Below is a copy of the submission the Democrats Abroad Global Taxation Task Force submitted to the Ways and Means Oversight Subcommittee in advance of the hearing with IRS Commissioner Rettig on the 2022 filing season taking place Thursday at 10am EDT. The TTF strongly encourages Americans abroad to submit their own comments by 5pm EDT Thursday, March 31. Click here to download a pdf of DA's submission to the Ways and Means Committee in full.
Dear Chairman Pascrell, Ranking Member Rice, and Members of the Subcommittee:
In light of the enormous challenges facing the Internal Revenue Service (IRS), Democrats Abroad greatly appreciates your holding this important hearing. There are an estimated nine million American citizens residing outside the United States, the overwhelming majority of whom are working or middle class. Our recommendations below would alleviate unintended tax-filing and financial-access problems Americans abroad face as a result of the current system of extraterritorial taxation (i.e., Citizenship-Based Taxation). The U.S., Eritrea, and North Korea are the only countries using such a system.
We urge the House Ways and Means Committee to hold a hearing to consider changing this system. We would welcome engagement with individual Committee Members to discuss opportunities to introduce reforms.
We would like to bring to your attention that so far in this tax season, Democrats Abroad have received early reports from Americans abroad on the following top issues:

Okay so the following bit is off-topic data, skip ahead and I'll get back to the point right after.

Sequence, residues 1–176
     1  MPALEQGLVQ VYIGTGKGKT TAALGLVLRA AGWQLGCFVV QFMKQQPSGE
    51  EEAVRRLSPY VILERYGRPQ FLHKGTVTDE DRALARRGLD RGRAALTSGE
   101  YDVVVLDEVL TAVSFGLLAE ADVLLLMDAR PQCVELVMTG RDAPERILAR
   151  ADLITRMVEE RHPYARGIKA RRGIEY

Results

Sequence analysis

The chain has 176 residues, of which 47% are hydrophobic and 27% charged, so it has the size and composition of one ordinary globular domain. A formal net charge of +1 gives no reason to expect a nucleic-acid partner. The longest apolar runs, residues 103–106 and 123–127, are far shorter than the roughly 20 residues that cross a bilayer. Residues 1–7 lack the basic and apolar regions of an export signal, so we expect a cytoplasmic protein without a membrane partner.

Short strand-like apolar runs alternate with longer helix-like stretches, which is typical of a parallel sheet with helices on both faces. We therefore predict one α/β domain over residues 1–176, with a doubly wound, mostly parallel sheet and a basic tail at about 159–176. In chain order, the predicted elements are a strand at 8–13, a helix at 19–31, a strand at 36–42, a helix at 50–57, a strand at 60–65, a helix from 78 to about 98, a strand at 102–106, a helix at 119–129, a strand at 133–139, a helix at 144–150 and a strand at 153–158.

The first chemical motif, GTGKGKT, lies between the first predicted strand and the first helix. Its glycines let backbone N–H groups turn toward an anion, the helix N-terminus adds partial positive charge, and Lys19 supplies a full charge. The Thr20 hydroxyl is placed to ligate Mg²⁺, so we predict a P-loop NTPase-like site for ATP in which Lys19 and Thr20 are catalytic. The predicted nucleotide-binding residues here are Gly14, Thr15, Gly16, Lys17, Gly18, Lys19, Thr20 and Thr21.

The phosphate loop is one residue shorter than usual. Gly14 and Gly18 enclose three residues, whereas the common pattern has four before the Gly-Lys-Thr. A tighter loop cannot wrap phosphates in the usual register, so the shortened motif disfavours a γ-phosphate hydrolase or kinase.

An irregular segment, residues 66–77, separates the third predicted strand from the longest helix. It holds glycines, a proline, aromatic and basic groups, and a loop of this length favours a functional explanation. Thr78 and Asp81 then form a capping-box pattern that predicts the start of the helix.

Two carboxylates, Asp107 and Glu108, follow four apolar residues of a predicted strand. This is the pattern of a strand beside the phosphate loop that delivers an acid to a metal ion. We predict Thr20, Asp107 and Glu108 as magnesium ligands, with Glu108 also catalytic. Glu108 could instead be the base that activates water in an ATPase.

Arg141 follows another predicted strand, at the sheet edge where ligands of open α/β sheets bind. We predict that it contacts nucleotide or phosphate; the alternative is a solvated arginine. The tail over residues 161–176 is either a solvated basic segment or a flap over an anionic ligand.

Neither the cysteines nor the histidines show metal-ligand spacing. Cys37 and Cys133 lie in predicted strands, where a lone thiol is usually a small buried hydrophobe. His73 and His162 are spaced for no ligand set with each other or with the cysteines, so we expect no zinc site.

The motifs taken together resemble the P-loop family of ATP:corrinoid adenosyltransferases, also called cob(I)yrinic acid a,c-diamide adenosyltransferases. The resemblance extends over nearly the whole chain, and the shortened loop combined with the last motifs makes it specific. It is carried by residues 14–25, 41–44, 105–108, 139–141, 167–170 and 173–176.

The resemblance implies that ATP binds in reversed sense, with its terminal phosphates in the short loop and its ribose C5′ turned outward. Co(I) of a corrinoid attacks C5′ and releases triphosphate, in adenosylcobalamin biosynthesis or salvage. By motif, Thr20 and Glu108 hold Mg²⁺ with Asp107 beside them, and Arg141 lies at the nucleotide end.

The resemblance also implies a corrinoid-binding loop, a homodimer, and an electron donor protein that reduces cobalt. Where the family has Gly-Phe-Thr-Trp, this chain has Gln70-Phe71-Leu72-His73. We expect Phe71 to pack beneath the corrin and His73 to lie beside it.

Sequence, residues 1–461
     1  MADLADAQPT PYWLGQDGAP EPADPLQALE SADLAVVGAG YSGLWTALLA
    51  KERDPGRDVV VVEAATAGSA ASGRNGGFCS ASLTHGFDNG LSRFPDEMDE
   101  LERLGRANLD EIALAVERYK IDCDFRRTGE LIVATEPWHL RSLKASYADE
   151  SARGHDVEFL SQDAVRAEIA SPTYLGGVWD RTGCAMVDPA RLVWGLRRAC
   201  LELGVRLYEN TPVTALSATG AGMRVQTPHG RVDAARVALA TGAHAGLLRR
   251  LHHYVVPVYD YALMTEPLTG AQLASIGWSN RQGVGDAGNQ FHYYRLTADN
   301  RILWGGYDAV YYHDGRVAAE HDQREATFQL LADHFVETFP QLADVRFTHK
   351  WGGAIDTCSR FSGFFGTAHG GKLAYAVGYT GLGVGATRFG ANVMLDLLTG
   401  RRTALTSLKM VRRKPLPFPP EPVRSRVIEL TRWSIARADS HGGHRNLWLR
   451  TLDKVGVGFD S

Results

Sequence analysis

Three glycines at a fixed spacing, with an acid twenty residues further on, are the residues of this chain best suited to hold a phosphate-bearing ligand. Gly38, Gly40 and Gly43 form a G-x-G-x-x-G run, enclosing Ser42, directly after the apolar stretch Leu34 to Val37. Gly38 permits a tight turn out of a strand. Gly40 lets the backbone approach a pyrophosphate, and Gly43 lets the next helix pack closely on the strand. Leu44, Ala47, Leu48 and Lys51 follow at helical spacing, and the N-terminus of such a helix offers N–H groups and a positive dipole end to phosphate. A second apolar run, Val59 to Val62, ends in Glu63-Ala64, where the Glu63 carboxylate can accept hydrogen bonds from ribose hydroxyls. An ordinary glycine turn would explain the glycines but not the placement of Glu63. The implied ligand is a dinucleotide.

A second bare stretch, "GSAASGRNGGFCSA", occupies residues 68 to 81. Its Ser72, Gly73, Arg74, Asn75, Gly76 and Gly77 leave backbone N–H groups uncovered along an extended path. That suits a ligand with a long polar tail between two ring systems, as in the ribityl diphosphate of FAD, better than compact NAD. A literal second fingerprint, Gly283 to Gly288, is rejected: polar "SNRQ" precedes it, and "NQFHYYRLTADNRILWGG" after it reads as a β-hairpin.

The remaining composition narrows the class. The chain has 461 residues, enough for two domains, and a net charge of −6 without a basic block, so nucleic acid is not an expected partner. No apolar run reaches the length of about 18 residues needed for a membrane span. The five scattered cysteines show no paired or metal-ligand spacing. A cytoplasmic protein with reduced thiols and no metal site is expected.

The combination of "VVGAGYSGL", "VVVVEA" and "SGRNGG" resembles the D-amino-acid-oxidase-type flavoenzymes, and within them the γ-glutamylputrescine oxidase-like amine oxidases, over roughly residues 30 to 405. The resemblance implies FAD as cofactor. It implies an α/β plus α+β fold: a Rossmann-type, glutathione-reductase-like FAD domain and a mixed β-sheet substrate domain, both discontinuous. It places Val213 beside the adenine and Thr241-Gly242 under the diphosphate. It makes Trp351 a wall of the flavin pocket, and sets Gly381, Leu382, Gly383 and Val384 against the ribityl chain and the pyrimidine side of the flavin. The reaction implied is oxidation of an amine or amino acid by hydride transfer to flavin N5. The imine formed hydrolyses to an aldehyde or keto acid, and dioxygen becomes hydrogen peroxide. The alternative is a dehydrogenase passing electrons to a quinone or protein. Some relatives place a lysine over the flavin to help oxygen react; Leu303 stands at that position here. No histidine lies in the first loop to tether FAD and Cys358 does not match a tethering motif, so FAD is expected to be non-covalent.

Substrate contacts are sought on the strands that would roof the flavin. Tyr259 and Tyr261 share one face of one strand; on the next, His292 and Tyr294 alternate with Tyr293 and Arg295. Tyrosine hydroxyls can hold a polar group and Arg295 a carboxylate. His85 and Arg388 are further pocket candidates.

Americans filing from abroad face greater complexity and more ambiguity than U.S. residents due to at least twenty-three provisions in the current tax code which violate the widely-accepted Taxpayer Bill of Rights.
Americans living abroad are subject to potentially devastating penalties for failure to file a variety of documents accurately, even for inadvertent non-compliance. Preparing an average tax return filed from abroad costs from $500 to $1000, often far exceeding any taxes owed. In fact, most filers – and probably most who neglect to file – owe no tax at all.
The inability of the IRS to address filers’ questions makes it more likely that they will get something wrong. The low rate of filing compared to domestic residents is a direct result.
For years the National Taxpayer Advocate has recommended common-sense solutions to many of these problems, and many of the proposed solutions would likely be revenue-neutral or even revenue-positive.
We strongly support the National Taxpayer Advocate’s 2022 Purple Book recommendations, which also have the support of the Government Accountability Office and the IRS Taxpayer Advocacy Panel:
Legislative Recommendation #8
Harmonize Reporting Requirements for Taxpayers Subject to Both the Report of Foreign Bank and Financial Accounts [FBAR] and the Foreign Account Tax Compliance Act [FATCA / Form 8938] by Eliminating Duplication and Excluding Accounts Maintained by U.S. Persons in the Countries Where They Are Bona Fide Residents.
Allow Additional Time for Taxpayers to Request Abatement of a Math Error Assessment Equal to the Additional Time Allowed to Respond to a Notice of Deficiency When the Math Error Notice Is Addressed to a Person Outside the United States.
Legislative Recommendation #15
Amend IRC § 6212 to Provide That the Assessment of Foreign Information Reporting Penalties Under IRC §§ 6038, 6038A, 6038B, 6038C, and 6038D Is Subject to Deficiency Procedures.
Legislative Recommendation #38
Modify the Definition of "Willful" for Purposes of Finding Report of Foreign Bank and Financial Accounts Violations and Reduce the Maximum Penalty Amounts.
These initial recommendations would improve taxpayer rights while respecting the intentions of the tax code. More fundamental reforms will also be necessary to address underlying issues facing Americans abroad, such as: